Hotel Comp Set Analysis: A Little Knowledge

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Hotel Compete publishes an alternative view on current industry discussion.

We cannot understand comp set quality by analyzing only the competitors that hotels include in their sets – we must also understand which ones they left out.

Hotel Comp Set Analysis has been back in the news in recent weeks. It is an important topic, but industry coverage tends to focus on advice and best practice, rather than data-driven analysis. Hotel Compete has long regarded this as a missed analytical opportunity and a problem.

The findings of a new analysis of hotel comp sets were published recently in Hotel News Now. The article, “Comp sets raise RevPAR indexes,” centered on a study of some 30,000 comp sets and drew the following conclusions:
1.    The average Occupancy, ADR and RevPAR indices for all 30,000 hotels are close to 100%, “dispelling” the “myth” that hotels tend to pick comp sets which can be easily out-performed
2.    Hotels with two or more comp sets are more likely to have higher RevPAR indices
3.    The more often a hotel is named in somebody else’s comp set the better it tends to perform

Taken at face value, these are interesting findings. Their relevance to hotel performance analysis, however, is less clear. A more detailed discussion of these findings and their implications is available on the Hotel Compete website.

It’s always interesting to know what competitors are doing, and in this sense knowing the extent to which hotels name one another back in comp sets probably provides some sense of validation. But it still misses the key point of comp set selection. True comp sets are comprised of hotels that compete directly for business – or, more specifically, bookers.

It seems unlikely, then, that the secret of good comp set selection lies in the deeper understanding of what other hotels think. Bookers have no insight into the composition of hotels’ comp sets, nor the rules or the participation constraints that influence a hotel’s selection of competitors. Bookers choose from all of the substitutable alternatives in the market. A good comp set, then, provides a fair representation of a competitive market – for example: the hotels that are likeliest to be on the screen together when a booker is making their selection.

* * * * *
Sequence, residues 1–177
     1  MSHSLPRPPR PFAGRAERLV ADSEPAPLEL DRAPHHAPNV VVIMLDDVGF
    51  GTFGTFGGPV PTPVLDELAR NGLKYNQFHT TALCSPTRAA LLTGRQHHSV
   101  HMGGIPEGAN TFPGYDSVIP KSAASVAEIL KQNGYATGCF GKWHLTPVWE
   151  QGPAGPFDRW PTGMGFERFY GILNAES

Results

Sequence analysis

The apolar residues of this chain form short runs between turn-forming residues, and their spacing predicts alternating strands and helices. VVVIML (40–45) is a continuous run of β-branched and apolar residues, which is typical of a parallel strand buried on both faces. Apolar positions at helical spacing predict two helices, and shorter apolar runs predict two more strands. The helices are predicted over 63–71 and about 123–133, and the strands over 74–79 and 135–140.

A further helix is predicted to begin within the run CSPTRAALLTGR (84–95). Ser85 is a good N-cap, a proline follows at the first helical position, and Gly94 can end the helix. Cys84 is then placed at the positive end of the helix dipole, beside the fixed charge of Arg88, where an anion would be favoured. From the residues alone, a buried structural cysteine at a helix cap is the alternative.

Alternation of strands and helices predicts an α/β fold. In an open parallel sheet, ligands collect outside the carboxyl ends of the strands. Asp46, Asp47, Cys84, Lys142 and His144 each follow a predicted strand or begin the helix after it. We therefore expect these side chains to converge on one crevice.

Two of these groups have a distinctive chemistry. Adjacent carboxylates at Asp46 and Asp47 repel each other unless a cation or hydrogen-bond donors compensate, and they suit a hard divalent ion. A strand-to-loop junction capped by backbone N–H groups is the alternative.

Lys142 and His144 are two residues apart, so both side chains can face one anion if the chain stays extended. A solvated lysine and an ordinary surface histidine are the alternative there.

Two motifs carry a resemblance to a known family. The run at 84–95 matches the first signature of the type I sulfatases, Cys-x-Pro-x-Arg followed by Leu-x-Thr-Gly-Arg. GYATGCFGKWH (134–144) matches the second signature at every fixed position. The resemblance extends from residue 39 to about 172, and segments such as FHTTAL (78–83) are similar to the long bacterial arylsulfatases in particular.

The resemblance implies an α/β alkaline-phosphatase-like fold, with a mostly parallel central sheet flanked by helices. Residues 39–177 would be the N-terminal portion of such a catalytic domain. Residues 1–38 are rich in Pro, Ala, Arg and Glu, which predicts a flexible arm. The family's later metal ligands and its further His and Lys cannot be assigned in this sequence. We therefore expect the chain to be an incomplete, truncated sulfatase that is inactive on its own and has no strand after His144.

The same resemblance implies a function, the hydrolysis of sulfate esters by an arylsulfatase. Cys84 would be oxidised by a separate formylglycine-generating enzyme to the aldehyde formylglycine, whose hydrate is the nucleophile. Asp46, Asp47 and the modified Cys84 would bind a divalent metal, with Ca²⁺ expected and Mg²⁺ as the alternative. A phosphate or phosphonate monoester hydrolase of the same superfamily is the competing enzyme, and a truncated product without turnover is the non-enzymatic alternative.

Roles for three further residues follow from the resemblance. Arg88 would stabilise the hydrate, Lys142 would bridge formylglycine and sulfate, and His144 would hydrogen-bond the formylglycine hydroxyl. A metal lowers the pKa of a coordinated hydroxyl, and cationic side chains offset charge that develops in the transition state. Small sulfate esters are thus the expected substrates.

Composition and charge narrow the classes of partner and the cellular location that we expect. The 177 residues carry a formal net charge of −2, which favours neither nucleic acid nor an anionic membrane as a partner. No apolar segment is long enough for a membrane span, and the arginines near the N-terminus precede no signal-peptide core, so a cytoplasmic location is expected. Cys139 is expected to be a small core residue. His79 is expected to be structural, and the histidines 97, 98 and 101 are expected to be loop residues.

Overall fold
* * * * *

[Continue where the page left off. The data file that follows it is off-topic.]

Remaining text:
To evaluate hotel comp sets analysts need an objective way of defining each hotel’s direct competitors. Hotel Compete accomplishes this by using market data to build a statistical “booker’s eye view” of the market. The data-driven models have led to one critical realization: We cannot understand comp set quality by analyzing only the competitors that hotels include in their sets – we must also understand which ones they left out. This is a critical blind-spot in name-back analysis

This study has provided food for thought. An obvious extension of this analysis is to compare the competitors that hotels include in their comp sets to the competitors identified by a data-driven model. We will perform such an analysis and return with results. Watch this space!

  • Note: The article referenced above, “Comp sets raise RevPAR indexes”, appeared originally on

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